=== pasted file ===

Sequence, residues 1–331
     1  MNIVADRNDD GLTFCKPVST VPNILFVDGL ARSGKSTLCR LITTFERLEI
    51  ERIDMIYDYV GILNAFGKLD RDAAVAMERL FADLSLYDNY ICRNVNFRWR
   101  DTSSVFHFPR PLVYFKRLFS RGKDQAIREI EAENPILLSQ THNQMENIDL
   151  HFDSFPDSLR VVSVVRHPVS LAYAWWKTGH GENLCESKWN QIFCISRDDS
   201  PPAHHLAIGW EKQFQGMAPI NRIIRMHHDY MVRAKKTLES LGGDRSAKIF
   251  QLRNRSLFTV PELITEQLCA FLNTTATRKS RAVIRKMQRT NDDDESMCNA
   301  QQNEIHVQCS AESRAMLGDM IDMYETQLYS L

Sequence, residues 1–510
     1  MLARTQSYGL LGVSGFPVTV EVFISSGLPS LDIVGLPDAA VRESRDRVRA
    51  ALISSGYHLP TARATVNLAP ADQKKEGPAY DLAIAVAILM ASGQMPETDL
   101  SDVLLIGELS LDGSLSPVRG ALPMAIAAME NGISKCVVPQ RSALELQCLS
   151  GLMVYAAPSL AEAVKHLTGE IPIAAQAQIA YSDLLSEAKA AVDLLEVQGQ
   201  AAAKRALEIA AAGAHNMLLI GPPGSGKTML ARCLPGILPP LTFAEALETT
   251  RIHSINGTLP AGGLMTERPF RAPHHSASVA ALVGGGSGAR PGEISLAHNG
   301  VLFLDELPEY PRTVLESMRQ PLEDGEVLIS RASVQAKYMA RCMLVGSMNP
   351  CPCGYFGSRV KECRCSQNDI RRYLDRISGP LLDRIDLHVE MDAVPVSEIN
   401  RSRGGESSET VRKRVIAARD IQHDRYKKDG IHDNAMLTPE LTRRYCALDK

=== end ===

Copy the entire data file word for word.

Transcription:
Sequence, residues 1–331
     1  MNIVADRNDD GLTFCKPVST VPNILFVDGL ARSGKSTLCR LITTFERLEI
    51  ERIDMIYDYV GILNAFGKLD RDAAVAMERL FADLSLYDNY ICRNVNFRWR
   101  DTSSVFHFPR PLVYFKRLFS RGKDQAIREI EAENPILLSQ THNQMENIDL
   151  HFDSFPDSLR VVSVVRHPVS LAYAWWKTGH GENLCESKWN QIFCISRDDS
   201  PPAHHLAIGW EKQFQGMAPI NRIIRMHHDY MVRAKKTLES LGGDRSAKIF
   251  QLRNRSLFTV PELITEQLCA FLNTTATRKS RAVIRKMQRT NDDDESMCNA
   301  QQNEIHVQCS AESRAMLGDM IDMYETQLYS L

Sequence, residues 1–510
     1  MLARTQSYGL LGVSGFPVTV EVFISSGLPS LDIVGLPDAA VRESRDRVRA
    51  ALISSGYHLP TARATVNLAP ADQKKEGPAY DLAIAVAILM ASGQMPETDL
   101  SDVLLIGELS LDGSLSPVRG ALPMAIAAME NGISKCVVPQ RSALELQCLS
   151  GLMVYAAPSL AEAVKHLTGE IPIAAQAQIA YSDLLSEAKA AVDLLEVQGQ
   201  AAAKRALEIA AAGAHNMLLI GPPGSGKTML ARCLPGILPP LTFAEALETT
   251  RIHSINGTLP AGGLMTERPF RAPHHSASVA ALVGGGSGAR PGEISLAHNG
   301  VLFLDELPEY PRTVLESMRQ PLEDGEVLIS RASVQAKYMA RCMLVGSMNP
   351  CPCGYFGSRV KECRCSQNDI RRYLDRISGP LLDRIDLHVE MDAVPVSEIN
   401  RSRGGESSET VRKRVIAARD IQHDRYKKDG IHDNAMLTPE LTRRYCALDK